Trafficking in Women (1924-1926)

The Paul Kinsie Reports for the League of Nations - Vol. 2

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This book provides a transcription of the reports written by undercover agent Paul Kinsie for the League of Nations Special Body of Experts on Traffic in Women and Children in the mid-1920s. Between 1924 and 1926, a team travelled to more than a hundred cities in Europe, the Americas and the Mediterranean area to interview individuals involved in the regulation, repression, medical control, organization and practice of the sex trade. American undercover agents were included on the team to infiltrate the so-called ‘underworld’ and obtain ‘facts’ about the traffic. Among these, Kinsie was the most prolific. He visited more than forty cities and produced hundreds of reports in which his contacts with prostitutes, brothel owners, madams, pimps and procurers are described in detail. For a proper contextualization of the reports, scholars from around the world were asked to provide short introductions to the situation with regard to prostitution in each city that was visited. The book offers a unique source of information which is of great ethnographic value for people interested in the history of human trafficking and prostitution.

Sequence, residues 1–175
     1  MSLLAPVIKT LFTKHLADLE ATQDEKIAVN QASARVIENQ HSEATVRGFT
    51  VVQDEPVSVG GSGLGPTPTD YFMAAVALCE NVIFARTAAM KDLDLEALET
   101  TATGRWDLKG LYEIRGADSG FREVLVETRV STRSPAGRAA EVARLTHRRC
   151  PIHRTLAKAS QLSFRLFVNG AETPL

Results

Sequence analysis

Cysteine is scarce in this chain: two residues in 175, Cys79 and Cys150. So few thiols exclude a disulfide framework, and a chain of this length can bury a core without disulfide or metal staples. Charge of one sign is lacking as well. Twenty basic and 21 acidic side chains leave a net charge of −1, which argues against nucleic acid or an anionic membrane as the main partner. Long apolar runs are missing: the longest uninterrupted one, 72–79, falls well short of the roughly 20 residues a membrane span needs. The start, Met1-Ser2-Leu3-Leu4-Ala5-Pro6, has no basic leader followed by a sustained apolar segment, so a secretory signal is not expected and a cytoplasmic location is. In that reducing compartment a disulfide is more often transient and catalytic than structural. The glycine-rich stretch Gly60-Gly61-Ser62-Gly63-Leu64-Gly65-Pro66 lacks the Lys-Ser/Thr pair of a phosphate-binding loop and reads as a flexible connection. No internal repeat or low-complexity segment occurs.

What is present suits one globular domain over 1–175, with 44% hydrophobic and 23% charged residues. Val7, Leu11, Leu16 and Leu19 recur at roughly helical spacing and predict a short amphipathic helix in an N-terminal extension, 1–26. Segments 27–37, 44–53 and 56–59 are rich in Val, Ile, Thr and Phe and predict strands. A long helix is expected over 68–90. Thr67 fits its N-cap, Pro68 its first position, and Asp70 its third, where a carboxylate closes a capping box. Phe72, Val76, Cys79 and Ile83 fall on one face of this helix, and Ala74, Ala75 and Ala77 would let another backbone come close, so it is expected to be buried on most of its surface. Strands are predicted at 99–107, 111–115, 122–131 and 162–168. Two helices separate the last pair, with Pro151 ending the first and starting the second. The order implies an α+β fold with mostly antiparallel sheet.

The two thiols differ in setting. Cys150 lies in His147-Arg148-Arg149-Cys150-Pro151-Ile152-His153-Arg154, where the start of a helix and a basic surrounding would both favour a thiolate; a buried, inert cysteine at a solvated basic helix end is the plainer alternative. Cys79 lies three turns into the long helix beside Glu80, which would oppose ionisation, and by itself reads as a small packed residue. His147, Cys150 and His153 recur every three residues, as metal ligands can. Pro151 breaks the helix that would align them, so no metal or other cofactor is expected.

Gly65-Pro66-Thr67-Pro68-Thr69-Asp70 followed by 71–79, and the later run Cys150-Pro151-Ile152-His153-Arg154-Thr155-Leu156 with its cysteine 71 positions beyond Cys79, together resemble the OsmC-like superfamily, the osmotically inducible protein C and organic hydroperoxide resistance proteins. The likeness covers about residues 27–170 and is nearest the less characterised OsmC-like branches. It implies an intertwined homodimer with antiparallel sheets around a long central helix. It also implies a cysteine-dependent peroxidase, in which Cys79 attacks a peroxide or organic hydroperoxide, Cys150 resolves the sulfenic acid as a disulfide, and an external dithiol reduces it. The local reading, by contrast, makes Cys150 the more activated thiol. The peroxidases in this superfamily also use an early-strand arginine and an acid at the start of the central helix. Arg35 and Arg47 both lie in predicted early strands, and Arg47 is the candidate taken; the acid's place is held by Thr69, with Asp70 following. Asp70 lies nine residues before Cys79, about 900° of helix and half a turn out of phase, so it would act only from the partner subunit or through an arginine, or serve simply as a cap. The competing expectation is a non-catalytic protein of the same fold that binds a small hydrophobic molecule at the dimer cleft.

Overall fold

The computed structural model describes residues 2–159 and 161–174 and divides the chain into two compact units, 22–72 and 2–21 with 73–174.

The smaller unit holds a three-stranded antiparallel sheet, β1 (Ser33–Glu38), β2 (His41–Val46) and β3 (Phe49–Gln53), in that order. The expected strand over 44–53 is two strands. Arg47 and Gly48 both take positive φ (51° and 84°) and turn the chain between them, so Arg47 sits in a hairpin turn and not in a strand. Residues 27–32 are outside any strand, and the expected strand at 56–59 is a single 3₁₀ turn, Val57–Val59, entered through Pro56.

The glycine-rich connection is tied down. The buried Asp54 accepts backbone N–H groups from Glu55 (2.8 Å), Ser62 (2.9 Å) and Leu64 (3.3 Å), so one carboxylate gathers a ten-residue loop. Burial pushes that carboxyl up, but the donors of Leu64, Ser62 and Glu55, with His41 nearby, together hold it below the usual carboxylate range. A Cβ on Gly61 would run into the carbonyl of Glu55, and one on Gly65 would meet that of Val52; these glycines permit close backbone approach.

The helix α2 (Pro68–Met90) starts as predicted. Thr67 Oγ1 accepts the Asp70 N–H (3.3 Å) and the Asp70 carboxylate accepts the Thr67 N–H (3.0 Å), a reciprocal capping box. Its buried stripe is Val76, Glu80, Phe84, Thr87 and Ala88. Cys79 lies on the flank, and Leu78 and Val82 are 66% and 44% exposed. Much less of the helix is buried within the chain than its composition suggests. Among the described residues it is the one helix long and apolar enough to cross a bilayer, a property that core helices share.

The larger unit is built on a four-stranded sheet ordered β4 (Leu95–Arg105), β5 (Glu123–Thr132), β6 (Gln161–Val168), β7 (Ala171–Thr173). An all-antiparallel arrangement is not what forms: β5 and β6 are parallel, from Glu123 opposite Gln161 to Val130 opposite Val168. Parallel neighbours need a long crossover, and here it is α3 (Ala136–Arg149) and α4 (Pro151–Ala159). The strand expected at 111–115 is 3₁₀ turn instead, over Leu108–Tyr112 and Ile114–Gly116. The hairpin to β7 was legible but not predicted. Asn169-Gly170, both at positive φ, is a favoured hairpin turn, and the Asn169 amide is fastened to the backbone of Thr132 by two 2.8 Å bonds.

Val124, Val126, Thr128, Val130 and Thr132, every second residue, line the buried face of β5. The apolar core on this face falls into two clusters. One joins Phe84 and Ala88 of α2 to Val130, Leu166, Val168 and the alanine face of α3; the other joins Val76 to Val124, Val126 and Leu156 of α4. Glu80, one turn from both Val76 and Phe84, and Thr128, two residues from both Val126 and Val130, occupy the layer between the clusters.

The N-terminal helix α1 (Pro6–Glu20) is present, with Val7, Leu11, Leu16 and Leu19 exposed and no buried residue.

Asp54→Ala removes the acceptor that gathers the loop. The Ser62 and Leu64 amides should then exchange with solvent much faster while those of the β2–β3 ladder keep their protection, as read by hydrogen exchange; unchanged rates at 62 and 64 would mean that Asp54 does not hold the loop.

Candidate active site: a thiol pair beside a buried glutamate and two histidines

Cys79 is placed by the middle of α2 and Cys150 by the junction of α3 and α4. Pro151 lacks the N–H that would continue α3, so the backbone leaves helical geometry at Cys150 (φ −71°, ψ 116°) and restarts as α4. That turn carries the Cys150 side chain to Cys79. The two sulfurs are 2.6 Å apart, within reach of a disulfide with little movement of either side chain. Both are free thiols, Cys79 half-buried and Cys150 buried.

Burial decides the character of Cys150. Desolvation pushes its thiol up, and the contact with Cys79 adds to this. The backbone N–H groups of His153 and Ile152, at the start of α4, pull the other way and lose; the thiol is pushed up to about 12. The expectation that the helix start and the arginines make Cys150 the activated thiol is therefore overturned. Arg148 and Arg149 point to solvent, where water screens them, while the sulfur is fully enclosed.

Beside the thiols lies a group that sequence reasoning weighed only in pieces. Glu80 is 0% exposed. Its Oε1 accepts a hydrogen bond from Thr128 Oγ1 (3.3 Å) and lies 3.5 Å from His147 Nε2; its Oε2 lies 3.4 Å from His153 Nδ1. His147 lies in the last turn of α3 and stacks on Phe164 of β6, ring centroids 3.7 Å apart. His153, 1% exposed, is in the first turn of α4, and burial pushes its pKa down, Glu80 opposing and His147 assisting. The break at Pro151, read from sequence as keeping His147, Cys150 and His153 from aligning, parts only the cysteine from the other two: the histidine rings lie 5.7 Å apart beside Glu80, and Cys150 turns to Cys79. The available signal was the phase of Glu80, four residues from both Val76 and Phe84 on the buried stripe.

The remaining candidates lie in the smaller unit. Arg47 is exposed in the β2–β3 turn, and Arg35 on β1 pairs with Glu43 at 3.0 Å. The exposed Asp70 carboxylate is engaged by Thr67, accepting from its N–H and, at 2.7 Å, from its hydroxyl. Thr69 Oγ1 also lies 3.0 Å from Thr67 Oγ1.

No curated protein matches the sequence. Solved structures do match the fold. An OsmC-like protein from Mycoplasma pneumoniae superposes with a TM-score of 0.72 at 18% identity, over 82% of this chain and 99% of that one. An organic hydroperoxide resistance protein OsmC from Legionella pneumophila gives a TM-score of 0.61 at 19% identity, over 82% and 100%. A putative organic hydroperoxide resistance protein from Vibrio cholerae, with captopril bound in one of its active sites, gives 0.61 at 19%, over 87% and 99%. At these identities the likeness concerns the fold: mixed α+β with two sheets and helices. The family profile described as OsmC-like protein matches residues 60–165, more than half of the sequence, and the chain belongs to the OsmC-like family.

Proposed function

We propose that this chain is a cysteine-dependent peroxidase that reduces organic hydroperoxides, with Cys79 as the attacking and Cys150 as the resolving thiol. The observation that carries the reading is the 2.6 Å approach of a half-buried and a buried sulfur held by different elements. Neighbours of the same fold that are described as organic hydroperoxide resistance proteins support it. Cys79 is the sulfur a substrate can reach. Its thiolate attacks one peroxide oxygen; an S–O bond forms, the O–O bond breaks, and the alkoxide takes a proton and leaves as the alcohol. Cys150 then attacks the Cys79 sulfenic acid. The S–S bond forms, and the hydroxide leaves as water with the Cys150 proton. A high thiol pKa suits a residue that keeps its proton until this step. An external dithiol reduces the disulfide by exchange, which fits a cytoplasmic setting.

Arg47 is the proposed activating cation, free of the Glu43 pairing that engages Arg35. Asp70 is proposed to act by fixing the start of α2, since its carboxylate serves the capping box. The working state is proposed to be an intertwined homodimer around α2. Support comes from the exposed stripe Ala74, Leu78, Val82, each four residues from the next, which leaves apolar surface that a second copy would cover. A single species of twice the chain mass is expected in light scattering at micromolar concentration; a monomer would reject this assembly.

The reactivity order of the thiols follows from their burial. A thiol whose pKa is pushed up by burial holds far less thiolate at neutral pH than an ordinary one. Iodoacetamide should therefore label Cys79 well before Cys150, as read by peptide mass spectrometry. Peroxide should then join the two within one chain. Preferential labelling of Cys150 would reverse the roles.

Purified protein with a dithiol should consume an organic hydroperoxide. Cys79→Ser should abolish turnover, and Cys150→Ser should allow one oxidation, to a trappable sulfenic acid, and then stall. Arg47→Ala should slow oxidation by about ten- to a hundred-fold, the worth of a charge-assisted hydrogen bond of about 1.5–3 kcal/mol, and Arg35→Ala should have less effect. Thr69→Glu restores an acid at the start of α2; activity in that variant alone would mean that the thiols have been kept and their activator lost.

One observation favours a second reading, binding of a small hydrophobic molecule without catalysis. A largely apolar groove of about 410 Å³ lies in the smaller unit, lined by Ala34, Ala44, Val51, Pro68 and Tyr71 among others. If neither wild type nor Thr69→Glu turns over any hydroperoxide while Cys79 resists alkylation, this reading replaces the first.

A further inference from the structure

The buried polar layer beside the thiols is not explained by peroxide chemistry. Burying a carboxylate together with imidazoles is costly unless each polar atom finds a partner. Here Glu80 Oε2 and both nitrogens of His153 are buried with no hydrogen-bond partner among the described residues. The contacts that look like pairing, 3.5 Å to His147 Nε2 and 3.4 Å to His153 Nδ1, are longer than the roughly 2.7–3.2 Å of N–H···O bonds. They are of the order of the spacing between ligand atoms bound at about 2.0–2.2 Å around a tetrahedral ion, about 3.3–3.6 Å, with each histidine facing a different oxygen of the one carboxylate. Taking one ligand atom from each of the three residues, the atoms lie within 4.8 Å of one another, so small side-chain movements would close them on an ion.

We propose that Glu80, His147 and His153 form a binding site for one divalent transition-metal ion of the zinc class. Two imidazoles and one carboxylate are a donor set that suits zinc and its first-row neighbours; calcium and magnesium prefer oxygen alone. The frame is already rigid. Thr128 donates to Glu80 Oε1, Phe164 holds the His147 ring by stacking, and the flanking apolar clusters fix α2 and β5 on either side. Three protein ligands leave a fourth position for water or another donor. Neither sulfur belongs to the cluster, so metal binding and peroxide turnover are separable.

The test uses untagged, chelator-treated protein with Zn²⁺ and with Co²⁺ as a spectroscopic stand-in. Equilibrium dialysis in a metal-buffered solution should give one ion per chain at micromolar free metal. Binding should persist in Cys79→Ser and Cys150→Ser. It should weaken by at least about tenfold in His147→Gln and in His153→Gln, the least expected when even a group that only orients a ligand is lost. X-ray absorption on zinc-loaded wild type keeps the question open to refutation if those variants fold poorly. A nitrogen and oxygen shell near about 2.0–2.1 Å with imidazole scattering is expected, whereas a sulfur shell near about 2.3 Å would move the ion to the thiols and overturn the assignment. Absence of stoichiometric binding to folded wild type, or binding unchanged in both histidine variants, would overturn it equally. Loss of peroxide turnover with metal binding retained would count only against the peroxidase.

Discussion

Romania: Bucharest and Constanța

It is unclear when prostitution, defined as the exchange of money or goods for sexual services, began in Romania, but given the existence of slavery among the Roma population in the Romanian territories until the late nineteenth century, as well as documents that describe, define and regulate the activities of sex workers, it is safe to assume that in the eighteenth century the trade was already well established in the lands that would eventually become the state of Romania in the 1860s. Bucharest, as the largest and wealthiest city in Romania, was also the centre of most activity in terms of sex work. Constanța became part of Romania only after 1878, so the history of that town is addressed separately, with a focus on the post-1878 period.


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